Updated news on the Gambino, Genovese, Bonanno, Lucchese, and Colombo Organized Crime Families of New York City.

Thursday, June 4, 2020

Saturday, May 23, 2020

Judge denies compassionate release to former Colombo street boss Tommy Shots


https://www.nydailynews.com/resizer/ItgHwH61GPzBiK21trTa68rPYps=/800x542/top/cloudfront-us-east-1.images.arcpublishing.com/tronc/OC5VAREZTRCR5HHZQBMSKCFQVM.JPG
A Brooklyn federal judge ruled former Colombo family street boss Thomas "Tommy Shots" Gioeli was entitled to the same level of empathy as his mob murder victims: Zero.
The 67-year-old gangster’s appeal for early release from his 18½-year prison sentence was pointedly rejected by Judge Brian Cogan in a Thursday decision that will keep him behind bars despite Gioeli’s concerns about contracting coronavirus.
Gioeli “displayed a callous disregard for human life, and I am not persuaded that he warrants more compassion and understanding than I demonstrated when I imposed a less than maximum sentence,” wrote Cogan in the nine-page decision. “He and his crew committed multiple murders that I know of from evidence at trial.”
Some of the killings stemmed from a 1990s war for control of the crime family between murderous factions representing acting boss Victor "Little Vic" Orena and imprisoned boss Carmine "Junior" Persico.
“The evidence of these murders was detailed, grisly and left me with no doubt to the defendant’s involvement,” wrote Cogan, who spared Gioeli an additional 16 months in jail after the mobster’s 2012 federal conviction.
According to court papers, Gioeli’s appeal for freedom cited an injured knee, diabetes, prior heart attacks, heart surgery and exposure to coronavirus while at the federal prison in Danbury, Conn. His current release date, with credit for good time, is May 2, 2024.
“I cannot find that defendant’s circumstances warrant compassionate release,” ruled Cogan. “His preexisting medical conditions by themselves are simply not the kind of life-threatening impairments that militate towards release ... (and) I cannot find that the danger defendant faces from the mere threat of (COVID-19) constitutes an extraordinary and compelling reason for compassionate release.”
The ruling was the latest bit of legal bad luck for Gioeli, who collected a $250,000 settlement from the Federal Bureau of Prisons in a slip-and-fall case — only to see federal prosecutors argue for forfeiture of $182,000 from the windfall for restitution to his crime victims.

https://www.nydailynews.com/new-york/ny-tommy-shots-coronavirus-20200521-2ev2pouxp5hthhnluhkwonf2le-story.html

Tuesday, May 19, 2020

Jailed Colombo mobster Tommy Shots might get released due to the coronavirus


https://cdn.newsday.com/polopoly_fs/1.44749614.1589836352!/httpImage/image.jpg_gen/derivatives/landscape_640/image.jpg
A federal judge said Monday that he would decide shortly whether to release Thomas Gioeli, one-time head of the Colombo organized-crime family, from federal prison to home confinement because of the convicted mobster’s fear of contracting the coronavirus.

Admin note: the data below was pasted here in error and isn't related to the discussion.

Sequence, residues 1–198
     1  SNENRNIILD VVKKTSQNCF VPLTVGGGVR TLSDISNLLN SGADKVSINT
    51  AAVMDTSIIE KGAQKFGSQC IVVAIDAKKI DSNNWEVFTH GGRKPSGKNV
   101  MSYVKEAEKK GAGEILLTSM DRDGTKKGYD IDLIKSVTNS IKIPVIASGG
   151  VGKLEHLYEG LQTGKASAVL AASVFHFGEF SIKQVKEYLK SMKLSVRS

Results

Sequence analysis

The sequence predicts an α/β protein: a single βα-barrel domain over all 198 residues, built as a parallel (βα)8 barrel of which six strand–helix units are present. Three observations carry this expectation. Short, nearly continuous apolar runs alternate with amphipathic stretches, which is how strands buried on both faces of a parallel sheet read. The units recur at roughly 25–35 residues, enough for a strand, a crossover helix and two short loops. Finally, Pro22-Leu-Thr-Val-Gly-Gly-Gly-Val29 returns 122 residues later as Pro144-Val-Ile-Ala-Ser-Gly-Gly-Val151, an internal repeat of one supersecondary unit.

Gioeli, 67, of Farmingdale, who was known as “Tommy Shots,” is serving 18 years for his role in the murderous infighting for control within the family in the 1990s.
He was convicted in 2012 by a federal jury in Brooklyn of a conspiracy involving three murder plots, two of which involved the deaths of mob associates during the so-called “Colombo Wars," between factions of the family headed by Carmine Persico and Victor Orena.
Gioeli had won a $250,000 judgment from the government after slipping on a puddle of water from a leaky shower sink in 2013, and fracturing his right knee.
The incident came up Monday because his attorney, Jennifer Louis-Jeune had argued during a hearing in federal court in Brooklyn, that Gioeli should be released to home confinement because of extremely poor health that could lead to his death if contracted the virus.
The defense attorney citied a lengthy list of Gioeli’s medical problems including diabetes, a stroke, prostate cancer, numerous arterial problems, and that he is now facing a gall bladder operation
Before saying he would reserve decision, U.S. District Judge Brian Cogan asked about the fracturing of the knee, which, Gioeli had said in a deposition, he had done while playing Ping-Pong.
In the deposition, according to court records, Gioeli testified that while he was playing Ping-Pong, “ the ball went off the table and I missed the shot….I went to retrieve the ball. I stepped in the puddle and I slipped.”
Louis-Jeune, said Gioeli had initially tested positive for the coronavirus at the federal prison in Danbury, Conn. and was transferred to a section with detainees who had the virus. He remained there though later tests showed the first result was a false-positive and another test showed he had an immune response, indicating he had been exposed to the virus, she said.
Now, Louis-Jeune said her client is in a cell by himself, but shares a common bathroom with others on the unit, and still is in danger of getting the virus, perhaps fatally because of his poor health.
Louis-Jeune said her client was not a danger to the community, and referring to his history, added that Gioeli is “a weakened fraction of that man.”
But Eastern District Assistant United States Attorney Elizabeth Geddes said that the government strongly opposes Gioeli’s release.
Geddes said Gioeli had no problems in the past orchestrating violent crimes despite a history of medical problems even before he was imprisoned.